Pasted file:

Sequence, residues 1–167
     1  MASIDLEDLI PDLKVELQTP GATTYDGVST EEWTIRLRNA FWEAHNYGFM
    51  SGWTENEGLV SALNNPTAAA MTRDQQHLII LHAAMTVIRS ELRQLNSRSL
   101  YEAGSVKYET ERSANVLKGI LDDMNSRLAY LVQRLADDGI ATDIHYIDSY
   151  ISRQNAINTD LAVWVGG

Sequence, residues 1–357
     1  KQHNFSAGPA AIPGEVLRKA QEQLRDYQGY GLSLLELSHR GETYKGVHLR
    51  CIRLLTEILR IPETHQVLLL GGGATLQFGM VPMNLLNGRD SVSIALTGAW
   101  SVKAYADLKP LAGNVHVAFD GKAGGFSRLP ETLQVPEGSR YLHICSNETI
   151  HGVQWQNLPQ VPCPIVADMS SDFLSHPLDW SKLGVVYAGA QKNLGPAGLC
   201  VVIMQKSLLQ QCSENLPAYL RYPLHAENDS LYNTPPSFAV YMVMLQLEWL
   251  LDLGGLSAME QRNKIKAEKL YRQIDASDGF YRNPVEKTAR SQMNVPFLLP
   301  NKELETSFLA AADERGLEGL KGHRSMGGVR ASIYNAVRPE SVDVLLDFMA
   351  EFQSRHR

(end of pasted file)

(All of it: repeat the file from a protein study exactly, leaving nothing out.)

Sequence, residues 1–167
     1  MASIDLEDLI PDLKVELQTP GATTYDGVST EEWTIRLRNA FWEAHNYGFM
    51  SGWTENEGLV SALNNPTAAA MTRDQQHLII LHAAMTVIRS ELRQLNSRSL
   101  YEAGSVKYET ERSANVLKGI LDDMNSRLAY LVQRLADDGI ATDIHYIDSY
   151  ISRQNAINTD LAVWVGG

Sequence, residues 1–357
     1  KQHNFSAGPA AIPGEVLRKA QEQLRDYQGY GLSLLELSHR GETYKGVHLR
    51  CIRLLTEILR IPETHQVLLL GGGATLQFGM VPMNLLNGRD SVSIALTGAW
   101  SVKAYADLKP LAGNVHVAFD GKAGGFSRLP ETLQVPEGSR YLHICSNETI
   151  HGVQWQNLPQ VPCPIVADMS SDFLSHPLDW SKLGVVYAGA QKNLGPAGLC
   201  VVIMQKSLLQ QCSENLPAYL RYPLHAENDS LYNTPPSFAV YMVMLQLEWL
   251  LDLGGLSAME QRNKIKAEKL YRQIDASDGF YRNPVEKTAR SQMNVPFLLP
   301  NKELETSFLA AADERGLEGL KGHRSMGGVR ASIYNAVRPE SVDVLLDFMA
   351  EFQSRHR